Mailing Systems Technology - May/June 2009 - (Page 34)

management Postal Mail By Adam Weiss Mail center managers familiar with the so-called “digital mail center” are also familiar with its limitations: lack of confidentiality, recipients’ lack of choice and the system’s inability to handle nonuniform mail streams. The real issue: A digital mail center simultaneously does too much and too little. Regarding “too much:” opening and scanning the contents of 100% of incoming paper mail is enormously wasteful — much of the scanned material is never read by its intended recipients. Plus, even if non-First Class mail is discarded before scanning, a great deal of what does get scanned still goes unread. As to “too little, digital mail center processes are generally not ” versatile enough to identify and then forward paper mail exactly where, in what form or when it is wanted. They also handle only one category well — transactional mail — and have difficulty with documents that are not uniform like standard bill-payment envelopes. Fortunately, a new technology fills in the gaps that digital mail centers don’t address while providing enterprises significant cost savings, increased efficiency and improved environmental-impact performance. Internet-Powered Postal Mail is a new and extremely useful component of any digital mail system that handles all mail streams: • Transactional mail (bills, invoices and other high-volume uniform mail streams); • Advertising mail (which may or may not be culled in the mail center but is rarely, if ever, handled by a digital mail center system); and • Individually addressed employee or departmental mail requiring a recipient to decide what to do with the item. In addition, Internet-Powered Postal Mail is the only form of digital mail that can process individually addressed mail and present it to addressees for them to decide how it should be processed. 34 MAY - JUNE 2009 a Internet-Powered The most cost-effective mail information management system ever Giving Users Choices Internet-Powered Postal Mail is an entirely new concept in mail digitization, and the system is surprisingly simple. First, all incoming mail and interoffice mail is inducted into the Internet-Powered Postal Mail system. Induction includes affixing a unique barcode to each sealed mailpiece, weighing it and then scanning the front Implementation of Internet-Powered Postal Mail at a Fortune 100 enterprise over the past two years has proved that the system substantially reduces the amount of paper flowing through an enterprise. and back of it for a high-resolution color image. In low-volume environments, envelopes are scanned on manually operated equipment; in high-volume environments, envelopes are scanned on high-speed, camera-augmented sorters, with irregularly shaped pieces imaged on flatbed scanners or other appropriate equipment. Parcels are generally photographed by digital camera. As part of envelope scanning, software identifies the sender and recipient blocks, which are converted into computer-compatible text via OCR. Software then matches the text to known recipients, while system operators manually match mailpieces with unknown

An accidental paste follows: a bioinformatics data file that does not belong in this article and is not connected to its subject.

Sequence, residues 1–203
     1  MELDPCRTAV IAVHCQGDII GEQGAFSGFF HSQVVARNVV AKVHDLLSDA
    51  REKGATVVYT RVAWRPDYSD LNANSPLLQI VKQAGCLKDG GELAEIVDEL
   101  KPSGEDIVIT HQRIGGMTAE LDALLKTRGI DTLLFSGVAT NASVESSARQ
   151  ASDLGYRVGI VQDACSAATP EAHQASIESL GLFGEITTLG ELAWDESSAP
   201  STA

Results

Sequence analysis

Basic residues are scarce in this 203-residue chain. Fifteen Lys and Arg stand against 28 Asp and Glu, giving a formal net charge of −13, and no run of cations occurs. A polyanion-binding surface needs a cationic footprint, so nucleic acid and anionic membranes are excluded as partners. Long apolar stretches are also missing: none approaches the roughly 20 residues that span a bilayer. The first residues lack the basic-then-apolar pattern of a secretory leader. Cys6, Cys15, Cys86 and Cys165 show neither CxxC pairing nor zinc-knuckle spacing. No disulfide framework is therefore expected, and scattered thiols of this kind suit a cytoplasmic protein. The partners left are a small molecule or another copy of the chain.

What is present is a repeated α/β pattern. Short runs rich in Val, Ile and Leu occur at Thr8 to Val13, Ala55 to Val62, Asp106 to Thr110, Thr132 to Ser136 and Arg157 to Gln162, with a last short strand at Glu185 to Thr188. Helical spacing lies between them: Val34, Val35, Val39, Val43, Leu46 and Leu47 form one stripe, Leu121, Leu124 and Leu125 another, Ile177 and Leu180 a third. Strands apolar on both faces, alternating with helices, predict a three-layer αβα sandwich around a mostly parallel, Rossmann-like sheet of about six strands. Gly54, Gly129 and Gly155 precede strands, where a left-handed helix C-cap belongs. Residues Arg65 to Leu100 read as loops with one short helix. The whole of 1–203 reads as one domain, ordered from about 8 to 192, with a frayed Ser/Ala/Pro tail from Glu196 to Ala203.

Table of Contents for the Digital Edition of Mailing Systems Technology - May/June 2009

Mailing Systems Technology - May/June 2009
Editor’s Note
Real Life Management
Software Byte
Employing Technology
Everything IMB
Ship It
Best Practices
What You Think
From the Source
The Key to Approval
Practical Insights
Mail.XML and Services Oriented Architecture (SOA)
Implementing the Intelligent Mail Barcode
Internet-Powered Postal Mail
Using Personalization Technology
Reality Check
Pushing the Envelope

Mailing Systems Technology - May/June 2009